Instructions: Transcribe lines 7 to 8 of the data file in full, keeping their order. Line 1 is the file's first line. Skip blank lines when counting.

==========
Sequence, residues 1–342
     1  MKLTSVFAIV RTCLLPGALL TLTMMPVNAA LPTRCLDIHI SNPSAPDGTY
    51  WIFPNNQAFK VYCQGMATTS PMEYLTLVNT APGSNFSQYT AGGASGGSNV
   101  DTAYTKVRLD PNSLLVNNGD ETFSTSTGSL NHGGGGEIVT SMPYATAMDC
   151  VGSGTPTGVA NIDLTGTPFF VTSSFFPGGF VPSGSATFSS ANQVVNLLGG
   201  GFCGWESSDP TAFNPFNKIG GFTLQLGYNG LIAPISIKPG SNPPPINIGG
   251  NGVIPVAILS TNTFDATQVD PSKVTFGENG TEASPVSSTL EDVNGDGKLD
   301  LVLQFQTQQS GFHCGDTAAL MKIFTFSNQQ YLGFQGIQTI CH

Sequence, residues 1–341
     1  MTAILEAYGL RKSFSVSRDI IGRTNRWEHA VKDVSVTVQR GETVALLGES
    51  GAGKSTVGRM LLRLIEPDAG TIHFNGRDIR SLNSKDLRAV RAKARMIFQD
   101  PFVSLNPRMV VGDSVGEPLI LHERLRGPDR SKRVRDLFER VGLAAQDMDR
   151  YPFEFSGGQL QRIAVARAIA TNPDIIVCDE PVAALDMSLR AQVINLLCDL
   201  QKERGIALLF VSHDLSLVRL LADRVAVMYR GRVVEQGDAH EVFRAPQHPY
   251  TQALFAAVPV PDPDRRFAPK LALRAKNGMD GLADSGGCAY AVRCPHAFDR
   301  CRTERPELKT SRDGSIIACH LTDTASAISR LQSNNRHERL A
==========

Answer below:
   251  NGVIPVAILS TNTFDATQVD PSKVTFGENG TEASPVSSTL EDVNGDGKLD
   301  LVLQFQTQQS GFHCGDTAAL MKIFTFSNQQ YLGFQGIQTI CH